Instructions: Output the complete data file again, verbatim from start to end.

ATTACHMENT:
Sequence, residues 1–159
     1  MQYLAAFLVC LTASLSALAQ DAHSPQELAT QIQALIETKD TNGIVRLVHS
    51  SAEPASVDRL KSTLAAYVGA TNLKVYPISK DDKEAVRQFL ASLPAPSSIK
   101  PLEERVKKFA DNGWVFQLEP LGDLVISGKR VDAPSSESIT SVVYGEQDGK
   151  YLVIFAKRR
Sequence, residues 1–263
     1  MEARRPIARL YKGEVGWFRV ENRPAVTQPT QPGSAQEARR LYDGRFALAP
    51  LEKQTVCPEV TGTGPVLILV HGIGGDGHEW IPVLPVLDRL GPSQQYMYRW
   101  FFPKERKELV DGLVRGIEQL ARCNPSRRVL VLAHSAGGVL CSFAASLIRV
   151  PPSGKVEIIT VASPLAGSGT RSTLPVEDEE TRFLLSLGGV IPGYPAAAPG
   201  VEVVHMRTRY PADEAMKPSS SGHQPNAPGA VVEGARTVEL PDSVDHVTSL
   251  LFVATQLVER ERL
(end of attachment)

Sequence, residues 1–159
     1  MQYLAAFLVC LTASLSALAQ DAHSPQELAT QIQALIETKD TNGIVRLVHS
    51  SAEPASVDRL KSTLAAYVGA TNLKVYPISK DDKEAVRQFL ASLPAPSSIK
   101  PLEERVKKFA DNGWVFQLEP LGDLVISGKR VDAPSSESIT SVVYGEQDGK
   151  YLVIFAKRR
Sequence, residues 1–263
     1  MEARRPIARL YKGEVGWFRV ENRPAVTQPT QPGSAQEARR LYDGRFALAP
    51  LEKQTVCPEV TGTGPVLILV HGIGGDGHEW IPVLPVLDRL GPSQQYMYRW
   101  FFPKERKELV DGLVRGIEQL ARCNPSRRVL VLAHSAGGVL CSFAASLIRV
   151  PPSGKVEIIT VASPLAGSGT RSTLPVEDEE TRFLLSLGGV IPGYPAAAPG
   201  VEVVHMRTRY PADEAMKPSS SGHQPNAPGA VVEGARTVEL PDSVDHVTSL
   251  LFVATQLVER ERL